FAQ: The Human Trafficking Prevention Act

By Alexandra Haas, MPH

UPDATE September 26, 2017: Texas HR 112 and HB 2266 have not been passed onto committees for review, so the bills will not move forward this legislative session. The bills will be reintroduced next legislative session.

Easy access to pornography and prostitution hubs should never be the default situation, and yet currently it is. This easy access has real costs, facilitating sex trafficking and the cost of enforcing laws against human trafficking and possession of child pornography. Currently the tax payer foots that bill, all while pornography and prostitution hubs remain one easy click away for anyone, even minors, to access. The Human Trafficking Prevention Act aims to change that.

What is the Human Trafficking Prevention Act?

The Human Trafficking Prevention Act (1) reduces crime and protects children by making prostitution hubs, child pornography, revenge pornography, and obscenity more inconvenient to access by placing pornographic websites and prostitution hubs behind a virtual blinder rack; and (2) it creates a legitimate pool of funds to finance programs and groups that are working to offset the secondary harmful effects of easily accessible prostitution hubs, child pornography, revenge pornography, and obscenity. This act requires Internet Service Providers, computer and cell phone manufacturers to create pre-set filters to block pornographic/prostitution sites. A consumer would have to at least pay a $20 fee and prove they are not a minor to have the filter deactivated.

How will this act prevent and reduce demand for child sex trafficking?

This act will fund anti-trafficking and anti-child programs, such as the Human Trafficking Task Force and the victim’s compensation fund. In addition, it will make it harder to access prostitution hubs on the internet. At this point, anyone with internet access is one easy click away from online pornography and prostitution hubs. The groups backing the act interviewed men who bought sex, who all said that they “just wish it was not so easy to hire prostitutes” online. This act would make avoiding pornography and prostitution hubs the “easy choice.”

Studies show that minors lack the ability to manage online content in safe, healthy ways. Minors are increasingly struggling with compulsive internet and pornography use. There is a significant relationship between men’s pornography use and how frequently they purchase sex. In addition, there is significant relationship between pornography use and attitudes supporting violence against women. As exposure to explicit content increases, so does the likelihood that teens of both genders view women as sex objects and view sex as primarily physical, not relational. Worse yet, minors that view pornography are more likely to display sexually aggressive behavior.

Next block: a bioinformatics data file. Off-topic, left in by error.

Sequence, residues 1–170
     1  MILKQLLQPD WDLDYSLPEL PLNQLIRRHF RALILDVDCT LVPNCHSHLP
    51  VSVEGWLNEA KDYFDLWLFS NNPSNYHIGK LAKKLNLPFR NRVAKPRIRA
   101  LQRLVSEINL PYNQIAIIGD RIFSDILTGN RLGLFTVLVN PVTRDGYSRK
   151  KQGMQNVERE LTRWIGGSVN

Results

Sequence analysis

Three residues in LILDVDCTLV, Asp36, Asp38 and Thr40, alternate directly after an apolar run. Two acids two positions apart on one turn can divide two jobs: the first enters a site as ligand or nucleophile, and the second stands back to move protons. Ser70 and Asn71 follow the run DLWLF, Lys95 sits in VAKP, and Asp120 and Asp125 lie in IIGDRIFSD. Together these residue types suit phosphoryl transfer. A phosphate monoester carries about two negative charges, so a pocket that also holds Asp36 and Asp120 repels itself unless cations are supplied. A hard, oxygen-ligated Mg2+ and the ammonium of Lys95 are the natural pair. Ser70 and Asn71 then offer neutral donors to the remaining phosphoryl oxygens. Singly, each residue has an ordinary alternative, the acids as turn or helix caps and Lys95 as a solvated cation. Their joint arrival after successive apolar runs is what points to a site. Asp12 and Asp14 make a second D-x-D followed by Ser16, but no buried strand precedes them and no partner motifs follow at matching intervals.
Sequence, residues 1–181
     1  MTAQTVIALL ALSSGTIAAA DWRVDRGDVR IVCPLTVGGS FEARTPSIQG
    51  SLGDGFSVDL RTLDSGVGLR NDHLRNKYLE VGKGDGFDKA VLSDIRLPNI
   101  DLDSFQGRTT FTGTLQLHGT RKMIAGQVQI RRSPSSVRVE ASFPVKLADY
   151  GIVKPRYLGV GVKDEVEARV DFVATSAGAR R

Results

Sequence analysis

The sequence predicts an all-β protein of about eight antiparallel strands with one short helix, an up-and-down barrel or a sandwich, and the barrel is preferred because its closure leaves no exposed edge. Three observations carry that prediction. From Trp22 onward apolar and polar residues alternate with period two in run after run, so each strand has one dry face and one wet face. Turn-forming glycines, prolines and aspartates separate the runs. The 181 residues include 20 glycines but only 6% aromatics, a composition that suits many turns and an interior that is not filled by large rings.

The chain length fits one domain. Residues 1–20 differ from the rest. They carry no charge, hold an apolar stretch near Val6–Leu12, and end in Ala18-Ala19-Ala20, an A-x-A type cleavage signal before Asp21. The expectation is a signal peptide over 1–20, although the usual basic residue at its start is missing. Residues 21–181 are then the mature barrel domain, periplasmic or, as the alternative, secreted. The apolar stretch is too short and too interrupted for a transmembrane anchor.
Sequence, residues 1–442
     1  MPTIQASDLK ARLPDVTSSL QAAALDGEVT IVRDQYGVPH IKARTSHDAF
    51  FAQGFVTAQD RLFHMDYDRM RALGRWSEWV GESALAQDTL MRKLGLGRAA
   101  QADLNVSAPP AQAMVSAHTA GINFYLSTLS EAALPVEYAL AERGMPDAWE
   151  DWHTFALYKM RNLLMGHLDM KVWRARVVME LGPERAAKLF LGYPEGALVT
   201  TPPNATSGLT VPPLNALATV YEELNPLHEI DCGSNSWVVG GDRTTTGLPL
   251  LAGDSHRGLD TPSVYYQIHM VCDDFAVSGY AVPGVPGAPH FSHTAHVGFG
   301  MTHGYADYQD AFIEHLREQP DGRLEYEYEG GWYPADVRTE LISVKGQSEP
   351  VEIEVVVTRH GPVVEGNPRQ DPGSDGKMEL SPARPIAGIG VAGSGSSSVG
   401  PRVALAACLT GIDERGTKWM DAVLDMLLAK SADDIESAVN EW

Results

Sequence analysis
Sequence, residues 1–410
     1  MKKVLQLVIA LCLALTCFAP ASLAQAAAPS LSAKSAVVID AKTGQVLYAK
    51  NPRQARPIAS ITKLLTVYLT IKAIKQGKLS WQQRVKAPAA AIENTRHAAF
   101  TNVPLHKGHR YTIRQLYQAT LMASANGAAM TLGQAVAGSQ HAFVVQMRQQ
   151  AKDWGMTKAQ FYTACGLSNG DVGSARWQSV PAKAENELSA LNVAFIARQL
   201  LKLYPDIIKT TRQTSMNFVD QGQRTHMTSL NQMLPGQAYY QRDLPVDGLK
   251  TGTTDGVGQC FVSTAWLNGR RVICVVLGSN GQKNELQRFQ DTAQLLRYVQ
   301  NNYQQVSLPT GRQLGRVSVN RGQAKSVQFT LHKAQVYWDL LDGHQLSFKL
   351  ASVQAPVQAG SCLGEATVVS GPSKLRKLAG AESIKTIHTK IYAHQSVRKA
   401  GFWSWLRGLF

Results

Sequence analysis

Rep. Leach states in HR 112 that “Besides promoting unhealthy sexual expectations, the adult entertainment industry produces media that objectify women and children as well as depict rape and abuse; by associating violence with sexual gratification, these materials perpetuate the demand for sex trafficking, prostitution, sexual abuse images, and child pornography. Pornography has also been linked to such detrimental health effects as brain development complications, emotional and medical afflictions, the inability to form and maintain intimate relationships, and sexual addiction; these dangers not only affect people on an individual level but also contribute to the degradation of the family unit, frequently leading to marital dissatisfaction and infidelity.”

What is happening in Texas with this act?

State bills are important for this act because they pull directly from the existing state obscenity codes, which are clearer and stronger than the Federal code. States are also better able to enforce this law. In Texas, Rep. James White and Rep. Alma Allan have introduced the bipartisan House Bill 2266. This bill requires retailers to ensure that the products sold contain a digital blocking capability that makes obscene material inaccessible to minors and inaccessible to adults who do not pay a deactivation fee for access. In addition, Rep. Jeff Leach has introduced House Resolution 112 recognizing pornography as a public health hazard. Track the progress of HB 2266 here and HR 112 here.